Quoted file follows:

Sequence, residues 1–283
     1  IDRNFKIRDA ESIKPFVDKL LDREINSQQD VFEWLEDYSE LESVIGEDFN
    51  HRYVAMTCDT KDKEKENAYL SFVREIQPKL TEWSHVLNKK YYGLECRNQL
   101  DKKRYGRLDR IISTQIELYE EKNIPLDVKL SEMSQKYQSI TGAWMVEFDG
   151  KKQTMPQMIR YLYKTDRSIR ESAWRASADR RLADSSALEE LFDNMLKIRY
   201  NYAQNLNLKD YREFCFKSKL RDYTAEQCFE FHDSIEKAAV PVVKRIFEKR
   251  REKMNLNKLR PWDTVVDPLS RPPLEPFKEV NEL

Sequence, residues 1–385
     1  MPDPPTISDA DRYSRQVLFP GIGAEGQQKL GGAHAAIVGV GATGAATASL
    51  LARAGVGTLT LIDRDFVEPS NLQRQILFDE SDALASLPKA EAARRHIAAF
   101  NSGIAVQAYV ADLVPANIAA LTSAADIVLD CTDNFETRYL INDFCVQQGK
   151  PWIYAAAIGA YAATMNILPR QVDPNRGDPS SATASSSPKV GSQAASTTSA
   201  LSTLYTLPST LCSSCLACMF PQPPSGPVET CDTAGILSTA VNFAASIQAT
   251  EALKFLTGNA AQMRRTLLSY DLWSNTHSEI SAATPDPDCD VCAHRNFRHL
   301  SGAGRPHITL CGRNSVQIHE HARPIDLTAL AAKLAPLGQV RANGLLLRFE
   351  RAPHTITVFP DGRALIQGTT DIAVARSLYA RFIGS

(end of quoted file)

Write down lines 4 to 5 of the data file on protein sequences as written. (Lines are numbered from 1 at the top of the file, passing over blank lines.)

   101  DKKRYGRLDR IISTQIELYE EKNIPLDVKL SEMSQKYQSI TGAWMVEFDG
   151  KKQTMPQMIR YLYKTDRSIR ESAWRASADR RLADSSALEE LFDNMLKIRY